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Movie Review: The Wolverine

Updated August 06, 2013


— Courtesy Photo
— Courtesy Photo
— Courtesy Photo
— Courtesy Photo

When film critics aren’t pressed for submission dates it is often a good idea to step back, sigh a little, and then recompose the feeling one got when watching the movie. Now and then, the impact of the movie is so strong that images, sequences — even characters — linger around involuntarily in the consciousness; other times, one draws a blank — an utter, dark, dank, expressionless blank.

This is the case with “The Wolverine”, a present day sequel with Hugh Jackman as the six-foot tall, hairy-chested Canadian Mutant Logan, with kickass healing ability “unbreakable” adamantinum claws and a penchant for hooking up with dangerous dames.

In his sixth Wolverine outing — three X-Men movies, a cameo in X-Men: First Class and the origins prequel also called Wolverine — there’s little Mr. Jackman can do that’s nonconforming to what we know about Logan … and he doesn’t have to. Nonetheless, a brief bit into the past is, of course, statutory to any sequel (especially his).

Here, we open to a slightly unsettling front-seat to the Nagasaki bombing, where Logan saves a soldier’s life. Years later today, the soldier’s runner Yukio (Rila Fukushima) tracks Logan to the backwoods of Yukon with instructions to chaperone him to Japan. The soldier, Yashida (Haruhiko Yamanouchi), now a multi-billionaire technology industrialist lies withering from cancer and hopes Logan’s regenerating mutant-ability would help him out.

Alas, once there, Logan finds himself on the other end of some nasty stares (and some pointy katana’s) from Yashida’s son Shingen (Hiroyuki Sanada), the in-line heir who gets side-stepped by daddy in favor of granddaughter Mariko (Tao Okamoto). A wildcard wedged into a daytime family soap, Logan runs away with Mariko (with the best of intentions, of course), while literally contending with Jean Grey’s (Famke Jenssen) specter, whom he dispatched in The Last Stand.

Logan’s girl-trouble, along with some mean action on top of a Shinkansen (the Japanese bullet train) leads to more girl-trouble, more action and not really that much storytelling (the screenplay is by Mark Bomback and Scott Frank).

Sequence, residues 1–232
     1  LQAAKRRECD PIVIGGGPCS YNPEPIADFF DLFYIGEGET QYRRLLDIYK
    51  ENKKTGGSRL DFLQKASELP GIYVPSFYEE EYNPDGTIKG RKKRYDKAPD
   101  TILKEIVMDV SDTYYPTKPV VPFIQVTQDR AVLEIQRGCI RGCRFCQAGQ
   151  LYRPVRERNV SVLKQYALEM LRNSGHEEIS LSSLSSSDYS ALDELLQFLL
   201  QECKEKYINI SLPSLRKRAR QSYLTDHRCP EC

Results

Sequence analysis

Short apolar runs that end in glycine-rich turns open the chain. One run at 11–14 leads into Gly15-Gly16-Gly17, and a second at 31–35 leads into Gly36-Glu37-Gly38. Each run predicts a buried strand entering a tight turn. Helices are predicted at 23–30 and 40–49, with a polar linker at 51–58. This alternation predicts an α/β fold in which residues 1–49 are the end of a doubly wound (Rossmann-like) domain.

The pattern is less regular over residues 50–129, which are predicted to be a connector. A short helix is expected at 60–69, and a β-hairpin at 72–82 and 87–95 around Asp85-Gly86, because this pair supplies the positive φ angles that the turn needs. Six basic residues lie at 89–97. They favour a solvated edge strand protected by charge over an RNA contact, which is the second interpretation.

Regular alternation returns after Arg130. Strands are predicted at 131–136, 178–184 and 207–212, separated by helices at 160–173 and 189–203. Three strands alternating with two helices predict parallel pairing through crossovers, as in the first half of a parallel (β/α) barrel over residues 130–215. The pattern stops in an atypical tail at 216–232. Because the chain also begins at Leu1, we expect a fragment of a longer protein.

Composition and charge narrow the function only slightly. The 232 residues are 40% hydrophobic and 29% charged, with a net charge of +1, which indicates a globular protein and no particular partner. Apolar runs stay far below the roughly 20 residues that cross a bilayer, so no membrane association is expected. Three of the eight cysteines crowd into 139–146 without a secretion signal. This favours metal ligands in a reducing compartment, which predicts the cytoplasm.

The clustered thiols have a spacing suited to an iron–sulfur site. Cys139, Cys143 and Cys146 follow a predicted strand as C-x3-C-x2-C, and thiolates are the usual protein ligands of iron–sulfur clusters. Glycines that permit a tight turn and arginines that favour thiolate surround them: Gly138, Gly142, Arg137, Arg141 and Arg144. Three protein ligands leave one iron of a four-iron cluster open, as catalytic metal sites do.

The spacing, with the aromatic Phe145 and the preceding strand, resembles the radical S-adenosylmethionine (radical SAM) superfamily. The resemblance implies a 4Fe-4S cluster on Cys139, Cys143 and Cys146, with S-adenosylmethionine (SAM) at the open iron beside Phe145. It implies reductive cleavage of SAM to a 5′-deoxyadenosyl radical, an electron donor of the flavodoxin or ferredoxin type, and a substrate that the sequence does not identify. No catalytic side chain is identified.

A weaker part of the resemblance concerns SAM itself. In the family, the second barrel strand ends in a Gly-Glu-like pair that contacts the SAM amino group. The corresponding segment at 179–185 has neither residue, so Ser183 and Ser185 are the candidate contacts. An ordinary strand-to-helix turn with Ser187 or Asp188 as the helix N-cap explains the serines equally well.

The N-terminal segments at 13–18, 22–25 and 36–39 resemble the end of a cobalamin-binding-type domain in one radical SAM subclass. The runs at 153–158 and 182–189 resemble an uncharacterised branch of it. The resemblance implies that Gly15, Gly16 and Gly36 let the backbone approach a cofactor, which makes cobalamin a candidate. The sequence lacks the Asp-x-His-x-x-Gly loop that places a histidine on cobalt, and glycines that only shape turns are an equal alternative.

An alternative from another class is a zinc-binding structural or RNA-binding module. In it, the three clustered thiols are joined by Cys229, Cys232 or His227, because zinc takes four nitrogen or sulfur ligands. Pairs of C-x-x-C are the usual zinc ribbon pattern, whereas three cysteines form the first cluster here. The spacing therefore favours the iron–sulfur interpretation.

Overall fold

The only gradual build-up is the movie’s own lack of consequence. We know Logan is hampered, and that there will be no shortage of visual effects (some choppy, few fine), and that there will be a big-brawl in the end — this time with a tin-battle suit.

On the production front though, Japan (custom built on sets in Australia by production designer François Audouy), is a mix of the soothing, the monotonous and the weird — in particular when Logan and Mariko check into a Love Motel. The effect is very much like the real place: a subjective amalgam of the past and present, secluded to particular districts. Tough luck, the sights only offer minute distraction.

Actually there is one other aspect worth rooting for: the mock father-daughter relationship between Logan and Yukio, who also is an effective assassin — and a co-mutant.

As the movie runs it’s relatively easy under-appreciating the ease of Mr. Jackman’s transition from a vulnerable killer to prized lab-rat tothat of afather figure for Ms. Fukushima’s Yukio(who also responds with an excellence bounce of performance).

While director James Mangold 3:10 to Yuma; Knight & Day doesn’t gush over sensational, specious, flair of the big-budget one is under contract to spend(well, sometimes), he still doesn’t consolidate the screenplay’s slack into an engaging experience. A few mutant-vs.-Yazuka fights here, a few mutant-vs.-mutant fight there — a slinky villainess, played by Svetlana Khodchenkova in a green designer figure-hugging body-suit, is adept at poisoning people — and The Wolverine is good to go.

Fanboys (who I would be one of too), would love to tick off and go bonkers over names like: The Silver Samurai, The Viper, and throwaway end credit teaser cameos for "X-Men: Days of the Future Past," but that would be equal to doing an essay on the futility of trending blockbusters.

Directed by James Mangold; Produced by Lauren Shuler Donner and Hutch Parker; Written by Mark Bomback and Scott Frank; Cinematography by Ross Emery; Edited by Michael McCusker; Music by Marco Beltrami; Production design by François Audouy; Costumes by Isis Mussenden.

Starring: Hugh Jackman, Hiroyuki Sanada, Famke Janssen, Will Yun Lee, Rila Fukushima, Tao Okamoto, Svetlana Khodchenkova and Haruhiko Yamanouchi. Released by 20th Century Fox, “The Wolverine” is rated PG-13. Claws snap out, slice people dead, and all that jazz.

The views expressed by the writer and in the following reader comments do not necessarily reflect the views and policies of the Dawn Media Group.